As with many states across the country, tort reform in Tennessee is constantly challenged in court. The Tennessee Supreme Court continues to examine cases that question whether caps on non-economic and punitive damages violate the Tennessee constitution.
Tennessee’s Damage Caps on Medical Malpractice Lawsuits
Like many states, Tennessee has a cap on non-economic medical malpractice damages, which include factors such as anxiety, depression, pain and suffering, disfigurement, emotional distress, and loss of consortium. In addition:
Non-economic damages are capped at $750,000 per claim
The cap for non-economic damages increases to $1 million if the injury is catastrophic (paralysis, wrongful death, etc.)
If there is more than one defendant found to be at fault for damages, the defendants bear a proportionate share of damages
punitive damages are capped at “an amount not to exceed the greater of twice the total of compensatory damages, or $500,000, whichever is greater”
There are no caps on economic damages in the state. Economic damages include things like past and future medical bills and expenses, funeral expenses, and lost wages.
Statute of Limitations for Medical Malpractice Claims
The following guidelines outline the state’s statute of limitations for medical malpractice claims:
A person in Tennessee has one year after discovery of the injury to file a medical malpractice claim
Malpractice claims must be filed within three years of when the incident occurred
If the injury involves a foreign object left inside the body or fraud, there is no filing time limit for when the incident occurred
Tail Insurance in Tennessee
Doctors practicing in Tennessee that have a claims-made policy but DON’T have Prior Acts insurance (also known as Nose Coverage) need a tail insurance policy to ensure that they’re protected from malpractice claims when changing jobs. Your exposure period begins with your retroactive date (the first date of employment with your last employer) and ends on the policy cancellation date (your last day seeing patients at that job). If a claim is made after your policy expires, tail malpractice insurance will protect you. Often before you begin a new job, your new employer will want to confirm you have tail coverage from your prior job. To get the best rates on tail insurance in Tennessee, contact a broker before you notify your employer of your resignation.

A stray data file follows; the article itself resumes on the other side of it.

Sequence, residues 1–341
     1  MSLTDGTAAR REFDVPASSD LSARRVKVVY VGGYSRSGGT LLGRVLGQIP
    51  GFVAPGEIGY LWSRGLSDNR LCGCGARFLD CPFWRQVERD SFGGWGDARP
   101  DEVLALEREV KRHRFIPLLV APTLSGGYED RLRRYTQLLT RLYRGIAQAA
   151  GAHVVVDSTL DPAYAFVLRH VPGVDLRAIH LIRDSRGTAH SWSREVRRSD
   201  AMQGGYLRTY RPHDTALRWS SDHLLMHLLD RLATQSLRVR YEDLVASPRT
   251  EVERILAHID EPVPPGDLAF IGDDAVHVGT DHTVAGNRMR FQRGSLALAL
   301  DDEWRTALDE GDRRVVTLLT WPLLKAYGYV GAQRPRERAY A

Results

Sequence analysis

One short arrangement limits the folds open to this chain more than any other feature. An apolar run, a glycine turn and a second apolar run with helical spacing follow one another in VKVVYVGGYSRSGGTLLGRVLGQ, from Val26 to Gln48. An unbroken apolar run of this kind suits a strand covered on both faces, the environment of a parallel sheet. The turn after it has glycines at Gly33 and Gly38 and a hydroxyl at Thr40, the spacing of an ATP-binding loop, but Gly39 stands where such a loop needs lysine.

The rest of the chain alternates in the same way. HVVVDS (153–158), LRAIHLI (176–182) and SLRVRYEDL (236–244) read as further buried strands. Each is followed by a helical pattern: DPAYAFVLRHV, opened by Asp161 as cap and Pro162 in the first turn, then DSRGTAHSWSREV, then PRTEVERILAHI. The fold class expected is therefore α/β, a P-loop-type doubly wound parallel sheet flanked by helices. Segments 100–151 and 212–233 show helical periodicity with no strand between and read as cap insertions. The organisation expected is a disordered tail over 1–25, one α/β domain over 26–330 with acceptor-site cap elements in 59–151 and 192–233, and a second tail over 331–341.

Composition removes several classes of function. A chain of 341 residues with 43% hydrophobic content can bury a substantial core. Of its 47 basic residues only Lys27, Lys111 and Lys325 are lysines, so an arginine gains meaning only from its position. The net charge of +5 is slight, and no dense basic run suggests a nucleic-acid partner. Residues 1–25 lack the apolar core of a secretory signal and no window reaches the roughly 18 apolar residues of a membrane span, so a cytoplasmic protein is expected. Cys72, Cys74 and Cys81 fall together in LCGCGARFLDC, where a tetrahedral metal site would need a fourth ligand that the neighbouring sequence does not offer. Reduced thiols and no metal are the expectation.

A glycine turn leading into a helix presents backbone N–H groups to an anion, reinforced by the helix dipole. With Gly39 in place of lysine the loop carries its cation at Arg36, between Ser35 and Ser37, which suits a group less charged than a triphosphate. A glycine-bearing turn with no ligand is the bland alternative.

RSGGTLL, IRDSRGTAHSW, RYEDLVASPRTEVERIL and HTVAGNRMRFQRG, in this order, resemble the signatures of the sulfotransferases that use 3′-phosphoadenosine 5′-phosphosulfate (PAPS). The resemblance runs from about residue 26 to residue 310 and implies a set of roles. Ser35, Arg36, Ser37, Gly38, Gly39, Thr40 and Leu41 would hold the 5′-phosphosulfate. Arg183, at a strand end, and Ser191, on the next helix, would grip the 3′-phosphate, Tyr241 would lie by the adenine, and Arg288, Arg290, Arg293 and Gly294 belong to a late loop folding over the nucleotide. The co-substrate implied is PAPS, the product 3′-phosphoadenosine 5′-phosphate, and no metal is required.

When and why is tail insurance necessary?
When a physician ends their employment, their insurance coverage with that employer also ends. Because most liability policies are underwritten on a claims-made basis, if a claim is filed against you after you leave your employer and your insurance coverage has already ended, you can be exposed to a lawsuit. Tail insurance covers you from your retroactive date up to the last day the policy is in effect – with the ability to report claims years after the last day. Read more about options for tail insurance.
Medical Malpractice Insurance Outcomes in Tennessee for 2021
The total medical malpractice payout in Tennessee for 2021 was $23,902,500.
Tennessee is home to numerous medical centers, including Vanderbilt University Medical Center, which is ranked as the best hospital in the state and ranks nationally as a leader in seven adult and ten pediatric specialties, and Methodist Hospitals of Memphis, which is nationally ranked in eight pediatric specialties.
WalletHub ranked Tennessee as the ‘6th Best State for Doctors’ in the nation in 2020, scoring well in areas like Average Monthly Starting Salary of Physicians, Projected Physicians per Capita by 2026, and Malpractice Award Payout Amount per Capita. Medscape adds, “Tennessee Physicians are more likely to report being very happy both inside and outside of the clinic than are doctors and most other states. Adjusted for the cost of living the state ranks number three in average physician compensation and malpractice pads are among the lowest in the nation.”
Overall, Tennessee is considered a good state for physicians. A low cost of living, good pay for doctors, tort reform, small towns, progressive communities, and plenty of music and attractions make The Volunteer state an ideal place to practice medicine.
MEDPLI helps doctors from all specialties. Whether you are a neurologist in Nashville, an anesthesiologist in Memphis, or a surgeon in Knoxville, we can help you find medical malpractice insurance. To get coverage from an A-rated carrier, contact us by requesting a quote.